Friendly Islands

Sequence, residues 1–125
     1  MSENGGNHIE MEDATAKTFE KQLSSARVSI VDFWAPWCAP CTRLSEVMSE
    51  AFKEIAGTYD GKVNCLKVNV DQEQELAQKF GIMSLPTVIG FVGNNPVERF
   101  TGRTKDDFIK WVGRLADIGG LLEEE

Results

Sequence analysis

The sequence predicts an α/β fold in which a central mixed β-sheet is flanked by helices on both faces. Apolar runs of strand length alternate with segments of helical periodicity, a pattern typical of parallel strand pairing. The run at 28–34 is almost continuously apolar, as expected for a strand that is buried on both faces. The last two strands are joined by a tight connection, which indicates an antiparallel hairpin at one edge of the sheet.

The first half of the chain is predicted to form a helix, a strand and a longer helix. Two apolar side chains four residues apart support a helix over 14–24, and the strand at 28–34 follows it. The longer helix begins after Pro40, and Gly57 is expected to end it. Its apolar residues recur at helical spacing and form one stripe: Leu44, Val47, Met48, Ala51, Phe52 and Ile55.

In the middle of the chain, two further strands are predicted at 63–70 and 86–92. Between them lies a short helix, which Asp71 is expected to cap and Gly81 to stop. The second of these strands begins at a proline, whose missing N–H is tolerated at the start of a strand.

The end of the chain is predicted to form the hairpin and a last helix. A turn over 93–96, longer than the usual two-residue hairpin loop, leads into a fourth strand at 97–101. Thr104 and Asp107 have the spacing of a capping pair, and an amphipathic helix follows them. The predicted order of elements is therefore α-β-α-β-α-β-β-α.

Friendly Islands "as distinguished from the Fiji Islands (q.v.), generally reckoned a part of them, are otherwise styled the TONGA GROUP. They stretch in S. lat. from 180 to 230, and in W. long. from 1720 to 1760, and consist of about 32 greater and 150 smaller islands, about 30 of which are inhabited. The great majority are of coral formation, but some are volcanic in their origins and in Tofua there is an active volcanoe. The principal member of the archipelago is Tongataboo, or Sacred Tonga, which contains about 7500 inhabitants, out of a total population of about 25,000" (Chambers, s.v.). In 1847 the missionaries estimated the population at 50,009. Next to Tongataboo, the most important islands are Vavau, with about 5000 inhabitants, and the Habai group, with about 4000. "The Friendly Islands were discovered by Tasan in 1643, but received their collective name from Cook. Both these navigators found the soil closely and highly cultivated, and the people apparently unprovided with arms. The climate is salubrious, but humid; earthquakes and hurricanes are frequent, but the former are not destructive" (Chambers, s.v.). The first attempt to introduce Christianity was made in 1797, when captain Wilson, of the Duff, left ten mechanics at Hihifo or Tongataboo, in the capacity of missionaries. This attempt met with no success. The chief under whose protection they resided was murdered by his own brother, and the island involved in a civil war. Three of the missionaries were murdered by the natives; the others were robbed of all their, goods, and in 1800, being utterly destitute, and having but little prospect of usefulness among the natives, accepted from the captain of an English ship a passage to New South Wales. For twenty years after this, no missionaries visited the islands. In August 1822, the Reverend Walter Lawry, of the Wesleyan Missionary Society, arrived at Tongataboo, but he left again the next year for New South Wales. In 1825 the Reverend Messrs. John Thomas and John Hutchinson were appointed to Tongsataboo. They arrived in June 1826, at Hihifo. In 1827 they were re- enforced by the arrival of Reverend Nathaniel Turner, Reverend William Cross, and Mr. Weiss. They found at Nukualof, one of the chief towns of the island, two native preachers from Tahiti, who had been some time employed in that locality, preaching to the people in the Tahitian language. They had erected a chapel, and 240 persons attended their teaching. In 1830 Mr. Thomas proceeded to Lifuka, the chief of the Habai Islands. On his arrival he found that the king, Taufaahau, had renounced idolatry. Schools were soon opened both for males and females, which were well attended, chiefly by adults, and taught principally by the natives themselves. After being some months in the island, Mr. Thomas baptized king Taufaahau, whose conversion was followed by that of a large portion of the people. Among others was Tamaha, a female chief of the highest rank, who had been regarded as a deity, and was one of the pillars of popular superstition. In the island of Vavau, king Finau also yielded to the exhortations of the missionaries and of king Taufaahau, and with his, about a thousand of his, people renounced idolatry. In 1831 three new missionaries arrived, one of whom was a printer. A printing-press was now established, at which were printed large editions of several school-books, select passages of Scripture, hymn-books, catechisms, and other useful books. Thus education made great progress, and numerous native helpers assisted the missionaries in preaching the Gospel iin the various islands. In 1834 a powerful religious revival occurred, beginning in Vavas, and soon extending to the Habai and Tonga islands. It was followed by a remarkable reformation of manners. Polygamy was now abandoned, marriage became general, and greater decency and modesty prevailed in dressing, Among the most zealous of the converts was king Taufaahau, who at his baptism was called king George, while his queen was named Charlotte. He erected for the missionaries a very large chapel in Habai, and, being a local preacher, preached himself an appropriate sermon on the occasion. In 1839, king George, in a large assembly of the chiefs and people, promulgated a code of laws, and appointed judges to hear and decide all cases of complaint which might arise among them. In June 1840, the heathen chiefs of Tonga, where Christianity had made much less progress than in Habai and Vavau, broke out in rebellion. Captain Croker, of the British ship Favorite, who happened to arrive just at this time, united the force under his command to that of king George, but he and two of his officers were killed, and the first lieutenant and nineteen men dangerously wounded. The mission in Tongataboo was broken up for a time, but it was resumed at the restoration of peace. In 1844 king George for a short time became a backslider in heart, but soon penitently acknowledged his fall, and ever since remained a devoted Christians. In 1845 he succeeded to the sovereignty of all the islands. In 1852 a new rebellion broke out in Tonga. It was instigated by a few chiefs who still adhered to heathenism; but the Roman Catholic missionaries made common cause with them, and one of them went in search of a man-of-war to chastise king George. The latter, however, succeeded in suppressing the revolt. In November 1852, a French man-of-war arrived, the commander of which, captain Bolland, had been commissioned by the French governor of Tahiti to inquire into certain complaints lodged against king George by the captain of a French whaler; and by the Roman Catholic priests residing in Tonga. The king obeyed the summons of the captain, went on board the man-of-war, and had a five hours' conversation with the captain, who declared himself satisfied ewith the reports made by the king, and in the name of the French government recognised him as the king of the Friendly Islands, only stipulating that the king should protect the French residents and tolerate the Roman Catholic Church. These conditions were accepted by the king. In 1868 paganism in the Friendly Islands was almost extinct. Great numbers of the islanders can speak English, and, in addition, have learned writing, arithmetic, and geography, while the females have been taught to sew. The missions are still under the care of the Wesleyan Missionary Society, which in 1868 had in the islands 5 circuits, 178 chapels, 2 other preaching-places, 19 missionaries and assistant missionaries, 1686 subordinate paid and unpaid. agents, 8613 members, 795 in trial for membership, 6617 scholars in schools, and 23484 attendants in public worship. See Newcomb, Cyclopedia of Missions, page 714; Walter Lawry, in Missions in Tonga and Feejee; Wesleyan Almanac for 1869. SEE SOCIETY ISLANDS.